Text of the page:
The Iron Lady is told from the point of view of Lady Thatcher living in London several years after the death of her husband, Denis (played by Jim Broadbent and, in his younger years, Harry Lloyd). With extensive use of news clips, the film skips through the hobbling of the trade unions, the widespread protests, the Falklands conflict, poll tax riots, the miners' strike and the IRA bombings.

"It was difficult for me physically because I spend at least 40 per cent of the film as an old woman," says Streep. "We were on a tiny budget, we had very long days and there was no rest. Standing for 12 hours at a time was very painful and all I wanted was a great masseur."

Before filming began Streep spent months watching and listening to videos and broadcasts so she could get a sense of Thatcher's body language and voice. She also spoke with dozens of people who know her.

"We spoke to many, many people and it was interesting because everybody has an opinion of her," she says. "I talked to people who were very close to her and they were all very forthcoming about her strengths, her weakness, her frailties and the cruelty that was there and how she came to pay a price for it.

"We tried to get as close as we could to the truth but we don't concern ourselves with every single step in the chronological telling of Margaret Thatcher's life. We're concerned with three days at the end of an old woman's life and we're looking back at things and memories through her eyes, so when a siren blares in the street it reminds her of a specific time. This is a completely subjective look at Margaret Thatcher at the end of her life: the ebbing and diminishing of her power."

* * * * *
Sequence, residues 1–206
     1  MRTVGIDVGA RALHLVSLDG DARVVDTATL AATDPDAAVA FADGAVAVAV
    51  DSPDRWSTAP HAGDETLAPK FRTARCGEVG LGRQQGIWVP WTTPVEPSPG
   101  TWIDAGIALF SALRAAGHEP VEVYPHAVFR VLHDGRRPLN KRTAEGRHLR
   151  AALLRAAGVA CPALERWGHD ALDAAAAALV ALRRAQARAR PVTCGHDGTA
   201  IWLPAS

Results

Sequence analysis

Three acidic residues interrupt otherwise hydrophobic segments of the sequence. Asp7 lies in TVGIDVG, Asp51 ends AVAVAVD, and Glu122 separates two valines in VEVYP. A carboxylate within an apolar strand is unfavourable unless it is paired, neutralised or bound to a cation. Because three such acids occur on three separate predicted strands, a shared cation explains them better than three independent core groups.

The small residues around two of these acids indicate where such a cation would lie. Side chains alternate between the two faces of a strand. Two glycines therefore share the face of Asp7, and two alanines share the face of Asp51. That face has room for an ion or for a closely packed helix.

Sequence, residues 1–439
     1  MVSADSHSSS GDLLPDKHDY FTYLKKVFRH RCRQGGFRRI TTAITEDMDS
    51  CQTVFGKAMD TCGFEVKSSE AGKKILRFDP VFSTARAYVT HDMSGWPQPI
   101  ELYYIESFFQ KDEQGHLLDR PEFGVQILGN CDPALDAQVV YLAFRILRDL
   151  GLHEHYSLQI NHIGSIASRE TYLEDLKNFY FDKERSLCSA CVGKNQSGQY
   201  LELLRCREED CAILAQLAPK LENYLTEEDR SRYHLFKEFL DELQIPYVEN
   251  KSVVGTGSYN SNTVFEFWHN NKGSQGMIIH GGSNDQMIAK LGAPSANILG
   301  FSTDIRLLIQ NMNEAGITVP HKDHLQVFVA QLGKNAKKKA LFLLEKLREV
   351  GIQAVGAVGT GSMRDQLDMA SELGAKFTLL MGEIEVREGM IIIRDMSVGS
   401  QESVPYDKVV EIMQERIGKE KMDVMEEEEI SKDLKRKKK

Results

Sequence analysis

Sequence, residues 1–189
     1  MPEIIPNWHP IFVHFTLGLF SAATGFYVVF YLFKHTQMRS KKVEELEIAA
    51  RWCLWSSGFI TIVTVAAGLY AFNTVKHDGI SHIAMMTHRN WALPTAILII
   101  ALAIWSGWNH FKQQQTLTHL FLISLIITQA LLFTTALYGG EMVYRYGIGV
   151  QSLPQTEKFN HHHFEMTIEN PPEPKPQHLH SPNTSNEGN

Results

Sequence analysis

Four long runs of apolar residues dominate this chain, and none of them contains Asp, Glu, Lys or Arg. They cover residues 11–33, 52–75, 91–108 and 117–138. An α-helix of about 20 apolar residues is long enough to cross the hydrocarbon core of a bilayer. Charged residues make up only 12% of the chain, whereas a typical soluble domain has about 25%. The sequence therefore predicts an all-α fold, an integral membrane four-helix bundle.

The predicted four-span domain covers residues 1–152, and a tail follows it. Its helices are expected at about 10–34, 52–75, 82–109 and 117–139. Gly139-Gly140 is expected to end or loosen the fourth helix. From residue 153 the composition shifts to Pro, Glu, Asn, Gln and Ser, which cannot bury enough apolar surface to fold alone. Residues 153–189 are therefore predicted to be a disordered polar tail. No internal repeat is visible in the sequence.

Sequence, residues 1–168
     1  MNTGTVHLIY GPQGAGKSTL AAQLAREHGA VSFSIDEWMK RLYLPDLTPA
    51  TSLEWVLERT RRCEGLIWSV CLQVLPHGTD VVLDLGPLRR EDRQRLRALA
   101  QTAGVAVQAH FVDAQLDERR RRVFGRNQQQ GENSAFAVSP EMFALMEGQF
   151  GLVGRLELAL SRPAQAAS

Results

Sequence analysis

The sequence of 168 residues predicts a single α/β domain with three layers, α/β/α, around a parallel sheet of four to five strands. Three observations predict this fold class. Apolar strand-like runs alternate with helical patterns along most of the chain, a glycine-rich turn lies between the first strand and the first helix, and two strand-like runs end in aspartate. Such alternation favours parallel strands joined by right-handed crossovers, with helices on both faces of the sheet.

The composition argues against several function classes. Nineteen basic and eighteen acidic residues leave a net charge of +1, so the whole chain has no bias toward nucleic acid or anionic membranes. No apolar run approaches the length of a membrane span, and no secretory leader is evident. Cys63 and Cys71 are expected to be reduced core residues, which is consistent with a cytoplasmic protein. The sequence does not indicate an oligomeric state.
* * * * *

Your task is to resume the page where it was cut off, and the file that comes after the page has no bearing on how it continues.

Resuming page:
Thatcher herself has been incommunicado for some time amid leaks and speculation about her declining abilities.

One surprising thing Streep found during her research about Thatcher was: "She was head of the United Kingdom for eleven and a half years and did not have a cook," she says in amazement. "I have a cook. The last movie I made when I stopped making dinner was Sophie's Choice and that was a long time ago. She wanted to make dinner for Denis every night and even when it was take-out they would sit down and have it together.

"She had prodigious amounts of energy and would work late into the night and require all the cabinet ministers to be up there in the apartment with her. Denis would come in and say: 'You've got to feed these men' and she would go and whip up some horrible Welsh rarebit or something and give it to them."

Streep has donated her salary for The Iron Lady to the National Women's History Museum, one of several organisations devoted to improving the status of women in the world that she supports with both time and money. She also put two VIP tickets to the London premiere up for auction with the proceeds going to Women for Women International.